by Phyllis Odessey
As a child, I enjoyed the rituals associated with eating corn. Corn holders, loads of butter, watching my siblings and parents “saw’ away at the cob. Whether it was attacking the cob in rows from left to right or a circular motion or zigzagging their way from the fat to the skinny end: I wondered if the pattern indicated a personality trait?
I learned to really love corn when I moved to Vermont. There is nothing better than going out in a corn field, picking corn, throwing it in some boiling water for barely a minute and eating it right away. Those in know will eat the cob raw to enjoy its sweetness.
We don’t have deer on Randall’s Island, but that doesn’t mean we don’t have critters. Squirrels abound. I was determined to grow corn no matter what. First we built what I call the corn crib. Two-by- fours, chicken wire, zip ties, no pest was going to invade our patch.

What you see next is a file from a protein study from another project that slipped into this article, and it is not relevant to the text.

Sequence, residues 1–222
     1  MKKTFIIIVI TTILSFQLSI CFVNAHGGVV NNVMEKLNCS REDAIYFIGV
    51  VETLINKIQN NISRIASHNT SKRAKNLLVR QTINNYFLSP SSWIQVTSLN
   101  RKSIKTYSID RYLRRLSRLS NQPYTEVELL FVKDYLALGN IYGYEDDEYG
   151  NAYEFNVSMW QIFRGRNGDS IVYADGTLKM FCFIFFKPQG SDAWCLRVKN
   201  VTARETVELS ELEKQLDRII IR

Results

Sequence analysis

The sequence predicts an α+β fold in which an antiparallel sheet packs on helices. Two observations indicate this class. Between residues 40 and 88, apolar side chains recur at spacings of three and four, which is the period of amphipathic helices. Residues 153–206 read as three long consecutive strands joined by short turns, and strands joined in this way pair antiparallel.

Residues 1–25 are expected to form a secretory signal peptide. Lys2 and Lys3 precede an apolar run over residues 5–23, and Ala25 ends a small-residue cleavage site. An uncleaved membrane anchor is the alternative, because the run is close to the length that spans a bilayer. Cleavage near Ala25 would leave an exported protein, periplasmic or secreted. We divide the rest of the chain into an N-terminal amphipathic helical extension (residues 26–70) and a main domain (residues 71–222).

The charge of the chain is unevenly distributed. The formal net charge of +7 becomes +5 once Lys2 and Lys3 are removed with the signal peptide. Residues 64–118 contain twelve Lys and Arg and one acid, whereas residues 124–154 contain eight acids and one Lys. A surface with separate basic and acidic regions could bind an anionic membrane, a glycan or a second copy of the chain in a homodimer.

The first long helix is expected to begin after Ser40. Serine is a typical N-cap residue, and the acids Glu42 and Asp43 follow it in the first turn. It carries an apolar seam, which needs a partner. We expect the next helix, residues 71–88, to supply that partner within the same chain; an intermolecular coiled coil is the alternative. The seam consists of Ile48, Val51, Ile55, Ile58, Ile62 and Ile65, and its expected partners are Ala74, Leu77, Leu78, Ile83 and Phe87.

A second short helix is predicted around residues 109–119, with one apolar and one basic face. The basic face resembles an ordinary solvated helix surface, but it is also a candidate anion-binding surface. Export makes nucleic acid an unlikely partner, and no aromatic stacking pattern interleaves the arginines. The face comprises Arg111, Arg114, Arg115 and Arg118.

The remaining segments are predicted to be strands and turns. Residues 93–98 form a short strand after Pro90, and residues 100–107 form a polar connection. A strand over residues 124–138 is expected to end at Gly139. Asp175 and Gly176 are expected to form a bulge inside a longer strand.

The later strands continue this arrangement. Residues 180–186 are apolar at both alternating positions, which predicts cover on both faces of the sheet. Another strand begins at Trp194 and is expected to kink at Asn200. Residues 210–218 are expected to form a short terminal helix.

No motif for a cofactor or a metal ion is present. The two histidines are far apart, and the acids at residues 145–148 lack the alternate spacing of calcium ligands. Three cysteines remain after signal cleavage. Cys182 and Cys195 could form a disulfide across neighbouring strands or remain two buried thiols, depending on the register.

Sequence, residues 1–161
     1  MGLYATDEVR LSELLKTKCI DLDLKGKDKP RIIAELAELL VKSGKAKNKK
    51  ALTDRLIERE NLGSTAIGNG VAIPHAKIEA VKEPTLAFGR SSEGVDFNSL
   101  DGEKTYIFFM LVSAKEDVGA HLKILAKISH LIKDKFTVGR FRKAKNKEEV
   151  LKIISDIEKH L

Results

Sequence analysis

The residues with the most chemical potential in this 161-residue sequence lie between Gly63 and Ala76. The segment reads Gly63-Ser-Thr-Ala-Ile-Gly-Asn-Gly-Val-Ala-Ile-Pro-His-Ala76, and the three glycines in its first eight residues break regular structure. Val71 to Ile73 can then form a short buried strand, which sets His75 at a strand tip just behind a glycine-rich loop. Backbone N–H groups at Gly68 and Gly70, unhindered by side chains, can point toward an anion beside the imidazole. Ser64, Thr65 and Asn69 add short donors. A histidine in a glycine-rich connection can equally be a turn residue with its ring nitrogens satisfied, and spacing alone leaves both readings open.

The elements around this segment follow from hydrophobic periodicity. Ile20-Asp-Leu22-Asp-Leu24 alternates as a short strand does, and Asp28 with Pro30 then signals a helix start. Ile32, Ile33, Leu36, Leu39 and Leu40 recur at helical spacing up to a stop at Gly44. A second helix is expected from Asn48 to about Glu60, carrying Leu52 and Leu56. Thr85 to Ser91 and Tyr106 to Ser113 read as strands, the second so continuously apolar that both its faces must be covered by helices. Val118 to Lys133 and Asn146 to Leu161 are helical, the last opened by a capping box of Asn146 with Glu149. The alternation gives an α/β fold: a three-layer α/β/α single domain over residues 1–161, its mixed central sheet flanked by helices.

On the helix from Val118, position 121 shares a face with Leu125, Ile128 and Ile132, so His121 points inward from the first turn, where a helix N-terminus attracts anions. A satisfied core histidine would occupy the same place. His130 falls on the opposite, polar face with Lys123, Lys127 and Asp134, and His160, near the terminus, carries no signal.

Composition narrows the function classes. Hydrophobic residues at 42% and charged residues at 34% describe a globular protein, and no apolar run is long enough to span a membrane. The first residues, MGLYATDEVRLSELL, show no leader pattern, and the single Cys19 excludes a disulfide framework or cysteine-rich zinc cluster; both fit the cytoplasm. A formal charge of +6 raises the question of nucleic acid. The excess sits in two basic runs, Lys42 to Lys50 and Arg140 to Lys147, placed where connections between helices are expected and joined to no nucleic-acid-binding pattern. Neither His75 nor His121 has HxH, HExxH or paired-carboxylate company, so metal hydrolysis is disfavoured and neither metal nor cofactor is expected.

Deciding which variety to grow was difficult. There are so many choices: Trinity, Pay Dirt, Luscious, Mystique, Montauk, Sugar Pearl, Silver Queen, Extra Tender, the list goes on and on. We planted Silver Queen, a variety I had grown in Vermont. At the first sign of trouble, we placed a plastic owl at the top of corn crib.
I had read that owls keep squirrels away, perhaps in some places, but not on Randall’s Island. Our corn crop was eaten one evening. We recovered and did what we always do in the garden. Plant another crop. Broccoli was our choice.
In 2012, the corn crib is going to turn into Fort Knox. Instead of chicken wire, we are going for heavy duty screening, stapled to 2- by-4’s. The only thing we haven’t solved is how we mere immortals are going to get inside to weed our patch.
Alice had a rabbit hole, we will need something else.